Wheeler Centre CEO steps down
The Wheeler Centre’s Chief Executive Officer, Caro Llewellyn, has announced her decision to depart the role to focus on writing and other creative endeavours.
‘It’s been an almost impossible decision to make, and it has been such a privilege dedicating my career to championing the work of writers both here and across the globe. For now, it’s time to focus on my own creative work,’ Llewellyn said in a statement on Friday (10 March).
‘I will be stepping down from this wonderful role to focus on writing my next book – a novel I’ve had in my top drawer for the past three years – and to dedicate more time to creating bespoke cultural experiences and advocating for people living with disability in the arts and leadership roles.’
Appointed in 2020, Llewellyn saw the Wheeler Centre through two years of pandemic restrictions, leading the development of innovative digital works and hybrid events to continue engaging audiences with books, writing and ideas. With borders closed, Llewellyn’s Postcards from Abroad series reignited global cultural conversation, delivering long-form digital interviews with the likes of Jonathan Franzen, David Sedaris, Fran Lebowitz, Ruth Ozeki, Paul Auster, Siri Hustvedt and Salman Rushdie.
This innovation, and Llewellyn’s advocacy within the industry, set the Wheeler Centre up for a successful return to live events in 2022, during which the organisation produced over 160 events, alongside the introduction of its popular new series Spring Fling.
Wheeler Centre Chair, Kate Torney OAM, said: ‘Caro is an outstanding creative thinker and leader, and she has led the Wheeler Centre through an extraordinarily challenging period, including the rollercoaster of the pandemic and its aftermath. Her optimism, creativity and dedication have been instrumental in ensuring that the Wheeler Centre emerged from this stronger than ever.
‘Under Caro’s leadership, the Wheeler Centre has enhanced its ability to pursue big, bold ideas in a highly sophisticated way. She has also built and nurtured a highly skilled and committed team, which is now embracing the many opportunities that have emerged in a hybrid, post-lockdown environment.’
Llewellyn’s tenure has seen the organisation reach new audiences, increase accessible payment options with ‘Pay What You Wish’ and ‘No One Turned Away for Lack of Funds’ pricing, champion digital and hybrid event deliveries, and bring numerous high-profile international and local guests to stages and screens including Roxane Gay, Geraldine Brooks, Kevin Rudd, Stephanie Alexander, Courtney Act, Eddie Betts, Jane Campion, Kamila Shamsie, Missy Higgins and the first-ever public Australian appearance of Kurdish-Iranian journalist Behrouz Boochani.
The Wheeler Centre has also introduced new programming, including the recent M/OTHER series, and explored diverse forms – from operas to lunches – with partners such as National Gallery of Victoria, State Library Victoria, RISING, Always Live, Malthouse Theatre, Open House Melbourne, Immigration Museum, the Victorian Aboriginal Legal Service, The Sofitel Melbourne, and Blak & Bright First Nations Literary Festival.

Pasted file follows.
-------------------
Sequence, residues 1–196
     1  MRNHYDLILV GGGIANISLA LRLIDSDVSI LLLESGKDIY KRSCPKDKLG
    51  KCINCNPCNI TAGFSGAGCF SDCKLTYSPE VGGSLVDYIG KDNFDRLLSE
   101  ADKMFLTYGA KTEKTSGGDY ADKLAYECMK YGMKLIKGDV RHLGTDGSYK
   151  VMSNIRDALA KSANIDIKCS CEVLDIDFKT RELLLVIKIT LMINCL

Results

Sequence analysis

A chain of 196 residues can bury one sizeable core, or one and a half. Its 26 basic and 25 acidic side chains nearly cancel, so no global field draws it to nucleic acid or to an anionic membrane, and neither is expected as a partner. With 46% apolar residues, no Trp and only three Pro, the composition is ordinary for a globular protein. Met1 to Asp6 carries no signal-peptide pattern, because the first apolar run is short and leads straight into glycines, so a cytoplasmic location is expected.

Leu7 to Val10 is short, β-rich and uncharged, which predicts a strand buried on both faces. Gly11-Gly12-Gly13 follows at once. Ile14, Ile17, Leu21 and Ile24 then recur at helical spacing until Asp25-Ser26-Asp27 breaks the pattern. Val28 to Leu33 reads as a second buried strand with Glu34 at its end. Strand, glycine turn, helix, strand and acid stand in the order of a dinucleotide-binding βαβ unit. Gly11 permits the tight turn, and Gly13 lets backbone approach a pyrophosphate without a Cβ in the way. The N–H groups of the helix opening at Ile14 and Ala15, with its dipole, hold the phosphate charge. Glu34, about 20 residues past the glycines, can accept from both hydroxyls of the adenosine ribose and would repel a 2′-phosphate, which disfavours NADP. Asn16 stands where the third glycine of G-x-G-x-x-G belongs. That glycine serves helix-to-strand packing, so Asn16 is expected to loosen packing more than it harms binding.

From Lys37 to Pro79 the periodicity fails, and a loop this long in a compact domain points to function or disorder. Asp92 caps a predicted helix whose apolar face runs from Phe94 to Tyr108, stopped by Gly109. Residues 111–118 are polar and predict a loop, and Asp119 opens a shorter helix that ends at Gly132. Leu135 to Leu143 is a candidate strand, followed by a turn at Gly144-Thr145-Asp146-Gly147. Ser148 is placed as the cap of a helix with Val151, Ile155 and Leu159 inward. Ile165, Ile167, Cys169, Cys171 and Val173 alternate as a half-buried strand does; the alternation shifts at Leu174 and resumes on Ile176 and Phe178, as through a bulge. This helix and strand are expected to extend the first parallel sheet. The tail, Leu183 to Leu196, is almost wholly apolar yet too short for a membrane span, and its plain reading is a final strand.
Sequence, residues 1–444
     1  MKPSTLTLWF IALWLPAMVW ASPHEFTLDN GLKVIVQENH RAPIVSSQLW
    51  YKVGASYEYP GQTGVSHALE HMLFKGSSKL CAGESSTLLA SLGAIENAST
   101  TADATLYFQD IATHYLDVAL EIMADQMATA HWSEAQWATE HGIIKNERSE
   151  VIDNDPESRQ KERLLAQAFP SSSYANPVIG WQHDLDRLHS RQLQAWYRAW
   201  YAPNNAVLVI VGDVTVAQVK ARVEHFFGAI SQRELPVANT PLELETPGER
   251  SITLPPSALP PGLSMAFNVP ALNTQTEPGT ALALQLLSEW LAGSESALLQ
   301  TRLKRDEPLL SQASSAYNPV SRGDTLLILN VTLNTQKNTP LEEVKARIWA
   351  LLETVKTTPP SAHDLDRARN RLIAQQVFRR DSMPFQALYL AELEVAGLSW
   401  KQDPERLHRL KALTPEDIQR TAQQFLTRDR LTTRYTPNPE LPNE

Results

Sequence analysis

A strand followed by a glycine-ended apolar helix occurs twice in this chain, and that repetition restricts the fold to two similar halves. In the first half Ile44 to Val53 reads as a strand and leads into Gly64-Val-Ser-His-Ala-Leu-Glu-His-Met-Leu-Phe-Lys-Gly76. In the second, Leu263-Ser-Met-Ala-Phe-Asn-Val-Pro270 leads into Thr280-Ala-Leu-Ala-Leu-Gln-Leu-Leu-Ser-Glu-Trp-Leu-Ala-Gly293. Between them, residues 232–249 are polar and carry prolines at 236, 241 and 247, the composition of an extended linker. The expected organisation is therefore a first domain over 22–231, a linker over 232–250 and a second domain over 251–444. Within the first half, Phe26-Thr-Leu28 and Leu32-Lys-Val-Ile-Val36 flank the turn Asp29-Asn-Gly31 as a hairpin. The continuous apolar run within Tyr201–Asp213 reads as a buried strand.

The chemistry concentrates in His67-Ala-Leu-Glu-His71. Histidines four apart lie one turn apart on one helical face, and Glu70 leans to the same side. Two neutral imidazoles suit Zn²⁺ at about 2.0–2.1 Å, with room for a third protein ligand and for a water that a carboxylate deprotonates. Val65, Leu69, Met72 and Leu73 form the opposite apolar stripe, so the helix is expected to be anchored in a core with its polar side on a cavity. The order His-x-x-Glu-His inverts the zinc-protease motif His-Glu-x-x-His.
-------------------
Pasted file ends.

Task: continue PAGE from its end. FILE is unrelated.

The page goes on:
Llewellyn’s first-hand experience as a writer and an arts executive living with disability has been essential in her advocacy for industry support, seeking additional funding for the Next Chapter writers’ scheme, regional and interstate touring, and the Centre’s education and youth programming. The Next Chapter has now supported 40 writers with four books published or set to be published.
The Wheeler Centre’s regional programming has benefited communities around Victoria including Warrnambool, Ballarat, Castlemaine and the Macedon Ranges. During her time as CEO, Llewellyn oversaw a growth in interstate programming, including a major new partnership with the Australian Chamber Orchestra, and a commitment to centring young voices, with the Wheeler Centre programming more than 30 young people in 2022 and establishing the unique Teens Talk development program for educators.
‘It breaks my heart to leave this wonderful organisation, but I know its foundations are stronger than ever. Under the visionary stewardship of Chair Kate Torney, with the dedication of the directors and the extraordinary talent and commitment of the wider team, the Wheeler Centre will continue to thrive and go on to have even greater success and impact,’ said Llewellyn.
Caro Llewellyn will vacate the role at the end of her contract in July 2023. Recruitment will begin shortly to secure a new CEO for the Wheeler Centre.
MUMA farewells Director and welcomes new team members
Monash University Museum of Art (MUMA) is farewelling Charlotte Day, its Director of 10 years, who leaves to take up the role of Associate Director, Art Museums at the University of Melbourne.
Under Day’s directorship, MUMA has expanded its international reputation as a site for contemporary art that places art, people, education and ideas at its core. Starting in 2013, Day took the opportunity of the newly relocated Museum to lead an ambitious and rigorous artistic program with warmth and engagement. She has introduced award-winning publishing and championed free, artist-led education for young people.
‘Life at Monash’s campuses is richer for her leadership and investment in public art, and the Collection is stronger through increased accessibility. She has created a team and work culture based on trust, respect and collaboration. While we’ll miss her, we are also collectively very excited to see the great work that she will achieve in her new role,’ a MUMA spokesperson said.